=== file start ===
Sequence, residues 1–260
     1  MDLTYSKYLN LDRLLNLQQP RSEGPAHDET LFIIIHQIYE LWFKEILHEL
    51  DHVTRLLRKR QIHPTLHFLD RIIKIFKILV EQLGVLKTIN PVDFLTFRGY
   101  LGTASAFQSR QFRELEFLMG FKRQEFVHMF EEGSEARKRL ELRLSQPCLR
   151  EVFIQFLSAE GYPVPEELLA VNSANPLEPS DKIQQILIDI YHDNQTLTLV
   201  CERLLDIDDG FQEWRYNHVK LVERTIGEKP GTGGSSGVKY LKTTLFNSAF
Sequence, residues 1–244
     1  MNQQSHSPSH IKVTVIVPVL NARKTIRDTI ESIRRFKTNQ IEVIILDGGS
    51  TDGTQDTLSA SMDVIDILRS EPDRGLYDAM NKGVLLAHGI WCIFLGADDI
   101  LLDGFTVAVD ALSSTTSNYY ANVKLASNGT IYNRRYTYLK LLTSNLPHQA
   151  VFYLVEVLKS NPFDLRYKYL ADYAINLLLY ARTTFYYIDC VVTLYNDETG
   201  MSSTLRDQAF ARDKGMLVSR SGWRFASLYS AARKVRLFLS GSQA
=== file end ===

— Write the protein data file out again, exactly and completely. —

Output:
Sequence, residues 1–260
     1  MDLTYSKYLN LDRLLNLQQP RSEGPAHDET LFIIIHQIYE LWFKEILHEL
    51  DHVTRLLRKR QIHPTLHFLD RIIKIFKILV EQLGVLKTIN PVDFLTFRGY
   101  LGTASAFQSR QFRELEFLMG FKRQEFVHMF EEGSEARKRL ELRLSQPCLR
   151  EVFIQFLSAE GYPVPEELLA VNSANPLEPS DKIQQILIDI YHDNQTLTLV
   201  CERLLDIDDG FQEWRYNHVK LVERTIGEKP GTGGSSGVKY LKTTLFNSAF
Sequence, residues 1–244
     1  MNQQSHSPSH IKVTVIVPVL NARKTIRDTI ESIRRFKTNQ IEVIILDGGS
    51  TDGTQDTLSA SMDVIDILRS EPDRGLYDAM NKGVLLAHGI WCIFLGADDI
   101  LLDGFTVAVD ALSSTTSNYY ANVKLASNGT IYNRRYTYLK LLTSNLPHQA
   151  VFYLVEVLKS NPFDLRYKYL ADYAINLLLY ARTTFYYIDC VVTLYNDETG
   201  MSSTLRDQAF ARDKGMLVSR SGWRFASLYS AARKVRLFLS GSQA